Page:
The Bokken

700_5909The Bokken is a Japanese wooden sword used for training. It is about the size and shape of a Japanese katana but it is far cheaper and a lot safer than a live blade in sword related arts such as kendo, aikido and kenjutsu.

Heavier bokken are designed to develop strength and technique, often used in suburi (solo cutting exercises). However, the heavier weight of the suburi bokken makes it less suitable for paired practice or kata.

Historically, the bokken can be traced back as far as the Japanese sword. It was used for the training of battlefield warriors. It was also the wooden training tool for those martial artists interested in learning the art of the sword.

It was during the Muromachi Period 1336-1600 A.D. that the use of the bokken became popular. This was when the warriors began dueling against a single opponent instead of fighting in a battlefield situation.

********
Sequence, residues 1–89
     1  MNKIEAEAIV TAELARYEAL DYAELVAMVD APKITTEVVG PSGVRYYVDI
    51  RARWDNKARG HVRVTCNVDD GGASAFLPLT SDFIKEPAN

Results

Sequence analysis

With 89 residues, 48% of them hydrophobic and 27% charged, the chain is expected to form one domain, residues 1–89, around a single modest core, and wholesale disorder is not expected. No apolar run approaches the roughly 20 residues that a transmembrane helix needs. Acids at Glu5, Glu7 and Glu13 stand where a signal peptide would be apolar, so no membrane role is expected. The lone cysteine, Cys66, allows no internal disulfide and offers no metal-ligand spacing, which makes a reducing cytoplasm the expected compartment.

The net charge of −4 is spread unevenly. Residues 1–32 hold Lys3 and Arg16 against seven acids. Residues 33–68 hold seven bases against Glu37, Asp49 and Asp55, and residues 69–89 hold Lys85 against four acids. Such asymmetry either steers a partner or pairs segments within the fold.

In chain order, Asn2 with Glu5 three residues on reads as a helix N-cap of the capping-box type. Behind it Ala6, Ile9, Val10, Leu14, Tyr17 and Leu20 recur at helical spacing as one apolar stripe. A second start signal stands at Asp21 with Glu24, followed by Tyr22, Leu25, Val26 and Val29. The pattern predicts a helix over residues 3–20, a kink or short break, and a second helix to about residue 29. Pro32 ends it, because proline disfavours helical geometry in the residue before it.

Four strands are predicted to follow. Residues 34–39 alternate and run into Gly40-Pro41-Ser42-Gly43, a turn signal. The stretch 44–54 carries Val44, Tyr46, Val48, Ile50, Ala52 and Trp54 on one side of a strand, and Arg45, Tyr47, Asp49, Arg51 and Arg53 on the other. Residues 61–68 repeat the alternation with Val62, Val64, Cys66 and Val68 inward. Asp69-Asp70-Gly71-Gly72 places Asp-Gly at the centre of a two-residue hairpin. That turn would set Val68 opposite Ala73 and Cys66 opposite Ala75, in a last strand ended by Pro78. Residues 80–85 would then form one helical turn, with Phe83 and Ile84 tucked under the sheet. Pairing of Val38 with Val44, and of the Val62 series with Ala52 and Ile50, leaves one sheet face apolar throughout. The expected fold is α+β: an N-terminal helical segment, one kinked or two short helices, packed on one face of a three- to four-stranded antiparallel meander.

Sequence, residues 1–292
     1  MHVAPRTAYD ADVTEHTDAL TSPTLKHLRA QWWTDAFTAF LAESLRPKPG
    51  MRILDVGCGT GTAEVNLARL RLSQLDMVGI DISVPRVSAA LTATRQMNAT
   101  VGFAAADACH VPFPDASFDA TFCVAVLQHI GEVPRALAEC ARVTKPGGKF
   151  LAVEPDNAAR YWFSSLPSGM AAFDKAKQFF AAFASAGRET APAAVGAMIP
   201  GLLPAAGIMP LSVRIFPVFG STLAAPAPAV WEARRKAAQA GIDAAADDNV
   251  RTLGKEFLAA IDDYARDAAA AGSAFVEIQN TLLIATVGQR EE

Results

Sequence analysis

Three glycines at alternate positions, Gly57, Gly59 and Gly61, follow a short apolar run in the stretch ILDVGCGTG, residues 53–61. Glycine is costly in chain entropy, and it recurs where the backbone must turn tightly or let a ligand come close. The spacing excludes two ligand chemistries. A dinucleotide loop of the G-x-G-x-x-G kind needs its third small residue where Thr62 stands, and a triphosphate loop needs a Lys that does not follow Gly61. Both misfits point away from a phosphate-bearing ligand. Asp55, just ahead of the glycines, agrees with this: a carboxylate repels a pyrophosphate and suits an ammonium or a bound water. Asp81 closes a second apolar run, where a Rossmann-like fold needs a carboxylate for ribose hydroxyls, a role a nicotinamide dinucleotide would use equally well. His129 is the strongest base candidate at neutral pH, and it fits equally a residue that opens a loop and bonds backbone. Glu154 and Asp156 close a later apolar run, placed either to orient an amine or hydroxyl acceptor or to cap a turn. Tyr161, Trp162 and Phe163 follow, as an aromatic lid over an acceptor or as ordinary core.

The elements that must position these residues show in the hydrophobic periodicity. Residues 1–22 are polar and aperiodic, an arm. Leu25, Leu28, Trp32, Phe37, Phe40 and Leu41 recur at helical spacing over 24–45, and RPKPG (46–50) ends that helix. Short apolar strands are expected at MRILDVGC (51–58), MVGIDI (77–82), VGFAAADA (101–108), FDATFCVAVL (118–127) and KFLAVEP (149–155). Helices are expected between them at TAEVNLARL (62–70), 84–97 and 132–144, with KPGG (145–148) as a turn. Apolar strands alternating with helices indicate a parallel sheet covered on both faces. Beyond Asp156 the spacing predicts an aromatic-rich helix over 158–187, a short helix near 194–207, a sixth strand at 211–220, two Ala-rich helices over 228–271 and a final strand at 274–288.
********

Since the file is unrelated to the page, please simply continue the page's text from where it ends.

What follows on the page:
Miyamoto Musashi, a kenjutsu master, was well known for fighting fully armed opponents with only one or two bokken. It is legend that he defeated Sasaki Kojiro with a bokken that he had carved from an oar while travelling on a boat to the arranged island for the duel.

The Aikido Bokken of today hasn’t changed much from that used centuries ago in feudal Japan. Although they are made in various parts of the world, the most popular ones still come from Japan and are made of Japanese red oak or white oak. White oak bokken are a little stronger, so are less likely to be damaged in contact training.

The parts of the Aikido bokken are the same as the katana:

  • Tsuka – the handle
  • Ha – the edge
  • Kissaki – the tip
  • Monouchi – the cutting portion of the edge, the 1/3 closest to the kissaki
  • Mune – the back of the blade
  • Chu-o – the middle third of the blade
  • Tsuba moto – the third of the blade closest the handle
  • Tsuba – the guard, not present on most Aikido bokuto
  • Shinogi – the ridge between the mune and the edge
  • Shinogi-ji – the flat plane between the mune and the shinogi
  • Jigane – the flat plane between the shinogi and the temper line (edge)
  • Tsuka gashira – strictly the pommel fitting, butt end of the bokuto